I have read many books in my life and have often wondered which one I would choose for required reading for seniors in high school. Surely one of these is Dr. Viktor Frankls Mans Search for Meaning. This remarkable man was a survivor of the Holocaust and in this beautiful book we learn how he endured and created and loved, in spite of the inhumanity.
To quote from the Preface by Dr. Gordon Allport: Hunger, humiliation, fear and deep anger at injustice are rendered tolerable by closely guarded images of beloved persons, by religion, by a grim sense of humor, and even by glimpses of the healing beauties of nature a tree or a sunset.
Another quote: In the concentration camp every circumstance conspires to make the prisoner lose his hold. All the familiar goals in life are snatched away. What alone remains is the last of human freedoms -- the ability to choose ones attitude in a given set of circumstances.'
I have been a student of the Holocaust for many years, and have had the privilege of meeting people involved in it. I typed and edited Return to the Hiding Place for Hans Poley, who was the first person to enter the Hiding Place. Hans stayed with the ten Booms for about nine months, then went into the underground and was eventually arrested and sent to a concentration camp himself. There is a video tape available from Heros.org about Hans and his book. It is a remarkably Christian book by a true hero. Ill never forget a statement Hans made, that those who knew nothing about what it was to deal with such horror could never understand what it was to become Christian again.
The one sentence that summed up Dr. Frankls book is from the preface, [T]he ability to choose ones attitude in a given set of circumstances
. I am tired of reading about the frivolous lawsuits and incessant complaining about molehills. The world does not owe us a living, nor a life! When we read of these survivors and liberators and the absolute hell they went through, how in the world can we complain about another thing?
Frankl wrote the following while being marched to forced labor in a Nazi concentration camp:
We stumbled on in the darkness, over big stones and through large puddles, along the one road running through the camp. The accompanying guards kept shouting at us and driving us with the butts of their rifles. Anyone with very sore feet supported himself on his neighbor's arm. Hardly a word was spoken; the icy wind did not encourage talk. Hiding his hand behind his upturned collar, the man marching next to me whispered suddenly: "If our wives could see us now! I do hope they are better off in their camps and don't know what is happening to us."
That brought thoughts of my own wife to mind. And as we stumbled on for miles, slipping on icy spots, supporting each other time and again, dragging one another on and upward, nothing was said, but we both knew: each of us was thinking of his wife. Occasionally I looked at the sky, where the stars were fading and the pink light of the morning was beginning to spread behind a dark bank of clouds. But my mind clung to my wife's image, imagining it with an uncanny acuteness. I heard her answering me, saw her smile, her frank and encouraging look. Real or not, her look then was more luminous than the sun which was beginning to rise.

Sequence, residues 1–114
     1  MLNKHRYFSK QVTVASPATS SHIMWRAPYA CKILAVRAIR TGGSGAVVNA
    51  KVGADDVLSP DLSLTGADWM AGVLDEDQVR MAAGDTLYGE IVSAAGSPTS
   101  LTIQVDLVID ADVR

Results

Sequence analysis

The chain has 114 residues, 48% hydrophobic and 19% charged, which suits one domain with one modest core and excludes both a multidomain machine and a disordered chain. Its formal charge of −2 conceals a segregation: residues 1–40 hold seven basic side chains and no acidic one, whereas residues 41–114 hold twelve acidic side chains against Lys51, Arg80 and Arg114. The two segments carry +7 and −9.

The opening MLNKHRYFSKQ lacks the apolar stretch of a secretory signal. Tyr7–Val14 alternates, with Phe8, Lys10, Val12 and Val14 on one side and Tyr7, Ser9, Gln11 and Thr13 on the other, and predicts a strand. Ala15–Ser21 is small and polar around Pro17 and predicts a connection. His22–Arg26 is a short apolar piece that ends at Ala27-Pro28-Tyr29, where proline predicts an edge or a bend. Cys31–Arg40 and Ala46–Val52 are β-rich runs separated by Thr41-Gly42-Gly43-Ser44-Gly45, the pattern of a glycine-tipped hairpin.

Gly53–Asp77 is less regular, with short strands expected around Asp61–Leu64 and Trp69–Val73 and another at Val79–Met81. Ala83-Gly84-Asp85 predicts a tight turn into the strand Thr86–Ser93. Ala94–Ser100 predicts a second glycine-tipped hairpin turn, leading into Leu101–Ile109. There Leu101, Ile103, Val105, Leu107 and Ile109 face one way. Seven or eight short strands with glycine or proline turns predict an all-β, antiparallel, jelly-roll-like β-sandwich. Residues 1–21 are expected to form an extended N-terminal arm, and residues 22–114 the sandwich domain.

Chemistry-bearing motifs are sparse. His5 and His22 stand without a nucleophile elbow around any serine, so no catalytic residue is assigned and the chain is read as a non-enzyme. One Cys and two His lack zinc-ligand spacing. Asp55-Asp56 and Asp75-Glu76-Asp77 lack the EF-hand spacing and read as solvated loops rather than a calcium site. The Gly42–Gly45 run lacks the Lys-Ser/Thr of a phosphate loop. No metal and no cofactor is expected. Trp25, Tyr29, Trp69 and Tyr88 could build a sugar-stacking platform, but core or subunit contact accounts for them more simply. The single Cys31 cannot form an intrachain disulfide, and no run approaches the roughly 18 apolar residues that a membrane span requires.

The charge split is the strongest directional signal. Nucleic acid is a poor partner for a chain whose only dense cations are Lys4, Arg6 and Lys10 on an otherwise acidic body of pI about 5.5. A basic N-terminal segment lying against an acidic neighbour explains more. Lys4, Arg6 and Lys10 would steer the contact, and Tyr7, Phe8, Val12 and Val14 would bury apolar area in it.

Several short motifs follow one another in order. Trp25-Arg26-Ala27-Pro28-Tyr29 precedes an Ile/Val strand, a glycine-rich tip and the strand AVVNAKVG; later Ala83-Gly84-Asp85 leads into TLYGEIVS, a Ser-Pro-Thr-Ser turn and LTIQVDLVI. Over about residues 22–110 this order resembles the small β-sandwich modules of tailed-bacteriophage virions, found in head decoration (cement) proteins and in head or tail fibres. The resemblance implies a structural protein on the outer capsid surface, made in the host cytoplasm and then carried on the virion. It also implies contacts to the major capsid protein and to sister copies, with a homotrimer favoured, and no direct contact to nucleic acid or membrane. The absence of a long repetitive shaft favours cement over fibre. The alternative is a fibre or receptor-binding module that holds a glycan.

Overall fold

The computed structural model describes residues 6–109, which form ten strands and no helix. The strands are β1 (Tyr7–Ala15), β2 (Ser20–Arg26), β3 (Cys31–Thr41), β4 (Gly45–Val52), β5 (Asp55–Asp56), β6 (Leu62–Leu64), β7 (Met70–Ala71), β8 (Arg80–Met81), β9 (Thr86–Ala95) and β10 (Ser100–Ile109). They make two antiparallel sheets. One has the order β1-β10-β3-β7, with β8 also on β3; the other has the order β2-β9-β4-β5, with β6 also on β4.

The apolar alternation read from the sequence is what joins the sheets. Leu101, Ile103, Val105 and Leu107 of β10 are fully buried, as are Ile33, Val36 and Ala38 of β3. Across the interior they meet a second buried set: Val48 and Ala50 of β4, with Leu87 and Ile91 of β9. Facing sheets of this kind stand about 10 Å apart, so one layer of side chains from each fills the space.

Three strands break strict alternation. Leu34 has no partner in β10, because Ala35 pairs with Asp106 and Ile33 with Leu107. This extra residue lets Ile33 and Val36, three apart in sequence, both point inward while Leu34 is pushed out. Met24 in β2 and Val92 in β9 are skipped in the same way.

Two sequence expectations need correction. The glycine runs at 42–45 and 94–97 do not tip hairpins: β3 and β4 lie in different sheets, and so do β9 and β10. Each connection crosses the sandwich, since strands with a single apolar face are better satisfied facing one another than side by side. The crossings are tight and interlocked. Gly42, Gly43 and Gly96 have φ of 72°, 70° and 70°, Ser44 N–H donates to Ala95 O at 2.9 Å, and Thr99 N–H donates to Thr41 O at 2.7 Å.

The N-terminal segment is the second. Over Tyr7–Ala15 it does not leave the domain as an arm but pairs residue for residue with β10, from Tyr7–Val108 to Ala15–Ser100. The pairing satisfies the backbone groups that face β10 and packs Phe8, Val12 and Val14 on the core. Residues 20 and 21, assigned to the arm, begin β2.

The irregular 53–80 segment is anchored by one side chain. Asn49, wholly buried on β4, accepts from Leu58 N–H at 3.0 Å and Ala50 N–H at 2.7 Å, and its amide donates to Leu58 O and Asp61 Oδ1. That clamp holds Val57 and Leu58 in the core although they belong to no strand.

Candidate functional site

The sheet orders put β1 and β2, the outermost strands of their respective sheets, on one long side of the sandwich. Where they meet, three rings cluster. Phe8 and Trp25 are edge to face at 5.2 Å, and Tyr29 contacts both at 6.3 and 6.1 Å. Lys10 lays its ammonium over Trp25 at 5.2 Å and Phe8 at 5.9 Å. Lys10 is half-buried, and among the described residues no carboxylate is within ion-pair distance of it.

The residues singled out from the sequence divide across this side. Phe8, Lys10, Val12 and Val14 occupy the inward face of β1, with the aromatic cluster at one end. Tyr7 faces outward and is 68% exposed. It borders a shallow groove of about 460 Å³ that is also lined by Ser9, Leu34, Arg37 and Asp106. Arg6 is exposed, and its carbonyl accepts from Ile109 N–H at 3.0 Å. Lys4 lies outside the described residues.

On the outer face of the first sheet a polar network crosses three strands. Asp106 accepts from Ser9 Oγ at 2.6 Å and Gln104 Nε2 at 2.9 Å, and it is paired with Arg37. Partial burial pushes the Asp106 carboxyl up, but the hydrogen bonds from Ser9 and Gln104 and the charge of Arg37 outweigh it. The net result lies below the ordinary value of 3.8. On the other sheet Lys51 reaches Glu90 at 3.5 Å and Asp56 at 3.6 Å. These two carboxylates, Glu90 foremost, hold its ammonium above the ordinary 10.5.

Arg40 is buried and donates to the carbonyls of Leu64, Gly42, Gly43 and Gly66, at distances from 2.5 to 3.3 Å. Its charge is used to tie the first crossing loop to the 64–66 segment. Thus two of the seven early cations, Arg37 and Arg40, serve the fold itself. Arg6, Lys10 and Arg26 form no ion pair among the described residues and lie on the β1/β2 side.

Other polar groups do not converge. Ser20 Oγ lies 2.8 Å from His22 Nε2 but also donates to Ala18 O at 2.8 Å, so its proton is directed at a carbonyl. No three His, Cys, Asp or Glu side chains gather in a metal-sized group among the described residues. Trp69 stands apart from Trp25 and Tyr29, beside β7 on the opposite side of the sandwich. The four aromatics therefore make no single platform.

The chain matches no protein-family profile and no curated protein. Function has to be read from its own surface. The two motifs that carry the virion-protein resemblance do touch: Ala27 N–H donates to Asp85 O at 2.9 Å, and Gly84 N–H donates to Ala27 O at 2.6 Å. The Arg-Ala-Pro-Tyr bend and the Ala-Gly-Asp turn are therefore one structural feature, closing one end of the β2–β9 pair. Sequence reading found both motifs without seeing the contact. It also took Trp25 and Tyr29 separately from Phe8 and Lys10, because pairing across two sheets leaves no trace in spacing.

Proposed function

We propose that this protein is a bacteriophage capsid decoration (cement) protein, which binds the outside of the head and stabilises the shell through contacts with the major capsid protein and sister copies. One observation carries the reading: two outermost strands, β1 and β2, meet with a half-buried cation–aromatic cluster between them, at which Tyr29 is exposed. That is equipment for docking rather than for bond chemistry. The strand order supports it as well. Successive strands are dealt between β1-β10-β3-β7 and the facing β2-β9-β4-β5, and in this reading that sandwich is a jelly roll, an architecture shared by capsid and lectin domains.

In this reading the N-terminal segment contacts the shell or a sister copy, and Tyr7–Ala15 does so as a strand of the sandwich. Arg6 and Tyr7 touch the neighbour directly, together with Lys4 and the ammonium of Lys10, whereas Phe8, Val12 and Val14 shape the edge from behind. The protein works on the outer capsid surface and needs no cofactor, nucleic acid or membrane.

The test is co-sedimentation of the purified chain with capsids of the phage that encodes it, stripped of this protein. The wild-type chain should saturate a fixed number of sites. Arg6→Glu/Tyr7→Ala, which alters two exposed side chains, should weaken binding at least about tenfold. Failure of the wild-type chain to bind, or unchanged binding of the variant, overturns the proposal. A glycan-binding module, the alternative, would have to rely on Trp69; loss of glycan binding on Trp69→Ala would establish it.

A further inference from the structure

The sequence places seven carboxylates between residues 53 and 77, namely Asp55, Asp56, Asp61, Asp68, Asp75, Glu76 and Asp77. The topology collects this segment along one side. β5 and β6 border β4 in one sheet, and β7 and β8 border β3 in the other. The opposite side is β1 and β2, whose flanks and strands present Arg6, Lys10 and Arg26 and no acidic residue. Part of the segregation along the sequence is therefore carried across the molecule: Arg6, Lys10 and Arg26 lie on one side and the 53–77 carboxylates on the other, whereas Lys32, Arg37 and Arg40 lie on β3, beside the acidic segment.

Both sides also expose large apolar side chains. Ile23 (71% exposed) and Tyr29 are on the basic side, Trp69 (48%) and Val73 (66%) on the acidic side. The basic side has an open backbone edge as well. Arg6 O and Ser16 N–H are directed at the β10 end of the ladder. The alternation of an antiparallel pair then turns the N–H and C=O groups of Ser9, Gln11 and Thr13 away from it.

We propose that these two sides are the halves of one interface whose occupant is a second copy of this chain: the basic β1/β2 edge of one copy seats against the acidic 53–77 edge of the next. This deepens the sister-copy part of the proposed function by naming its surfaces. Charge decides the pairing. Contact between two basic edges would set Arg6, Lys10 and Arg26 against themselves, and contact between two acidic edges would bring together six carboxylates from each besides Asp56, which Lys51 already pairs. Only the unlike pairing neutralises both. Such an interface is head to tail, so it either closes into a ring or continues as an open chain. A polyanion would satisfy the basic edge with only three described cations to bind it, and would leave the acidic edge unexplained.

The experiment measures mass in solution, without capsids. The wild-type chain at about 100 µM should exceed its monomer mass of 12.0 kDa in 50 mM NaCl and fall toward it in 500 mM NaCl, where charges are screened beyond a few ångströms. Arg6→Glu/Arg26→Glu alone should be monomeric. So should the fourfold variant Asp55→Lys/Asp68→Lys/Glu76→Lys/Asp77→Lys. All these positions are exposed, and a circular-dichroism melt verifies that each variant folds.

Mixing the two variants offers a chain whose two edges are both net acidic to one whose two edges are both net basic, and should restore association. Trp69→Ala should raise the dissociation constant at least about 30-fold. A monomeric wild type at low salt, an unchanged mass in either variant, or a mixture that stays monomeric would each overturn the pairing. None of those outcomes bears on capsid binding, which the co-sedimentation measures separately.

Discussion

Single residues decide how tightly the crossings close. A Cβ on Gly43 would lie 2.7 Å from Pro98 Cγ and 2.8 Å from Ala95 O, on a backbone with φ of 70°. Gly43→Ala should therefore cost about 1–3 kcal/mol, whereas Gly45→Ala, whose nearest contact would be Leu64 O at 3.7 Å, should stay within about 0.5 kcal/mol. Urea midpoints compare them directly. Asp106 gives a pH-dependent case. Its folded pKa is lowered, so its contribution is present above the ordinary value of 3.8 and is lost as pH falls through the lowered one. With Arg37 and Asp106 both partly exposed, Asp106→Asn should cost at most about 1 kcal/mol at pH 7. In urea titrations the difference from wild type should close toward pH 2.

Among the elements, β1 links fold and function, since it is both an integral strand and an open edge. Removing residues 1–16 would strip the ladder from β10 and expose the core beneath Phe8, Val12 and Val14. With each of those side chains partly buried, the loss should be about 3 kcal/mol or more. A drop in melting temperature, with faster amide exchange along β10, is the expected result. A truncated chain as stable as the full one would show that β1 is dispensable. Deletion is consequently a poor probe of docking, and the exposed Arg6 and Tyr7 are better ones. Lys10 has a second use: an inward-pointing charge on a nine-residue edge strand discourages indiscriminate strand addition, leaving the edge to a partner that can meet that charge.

A thought transfixed me: for the first time in my life I saw the truth as it is set into song by so many poets, proclaimed as the final wisdom by so many thinkers. The truth--that love is the ultimate and the highest goal to which man can aspire. Then I grasped the meaning of the greatest secret that human poetry and human thought and belief have to impart: The salvation of man is through love and in love. I understood how a man who has nothing left in this world may still know bliss, be it only for a brief moment, in the contemplation of his beloved. In a position of utter desolation, when a man cannot express himself in positive action, when his only achievement may consist in enduring his sufferings in the right way--an honorable way--in such a position man can, through loving contemplation of the image he carries of his beloved, achieve fulfillment. For the first time in my life, I was able to understand the words, "The angels are lost in perpetual contemplation of an infinite glory."
In front of me a man stumbled and those following him fell on top of him. The guard rushed over and used his whip on them all. Thus my thoughts were interrupted for a few minutes. But soon my soul found its way back from the prisoners existence to another world, and I resumed talk with my loved one: I asked her questions, and she answered; she questioned me in return, and I answered...
My mind still clung to the image of my wife. A thought crossed my mind: I didn't even know if she were still alive, and I had no means of finding out (during all my prison life there was no outgoing or incoming mail); but at that moment it ceased to matter. There was no need to know; nothing could touch the strength of my love, and the thoughts of my beloved. Had I known then that my wife was dead, I think that I still would have given myself, undisturbed by that knowledge, to the contemplation of that image, and that my mental conversation with her would have been just as vivid and just as satisfying. "Set me like a seal upon thy heart, love is as strong as death."
Patricia Erwin Nordman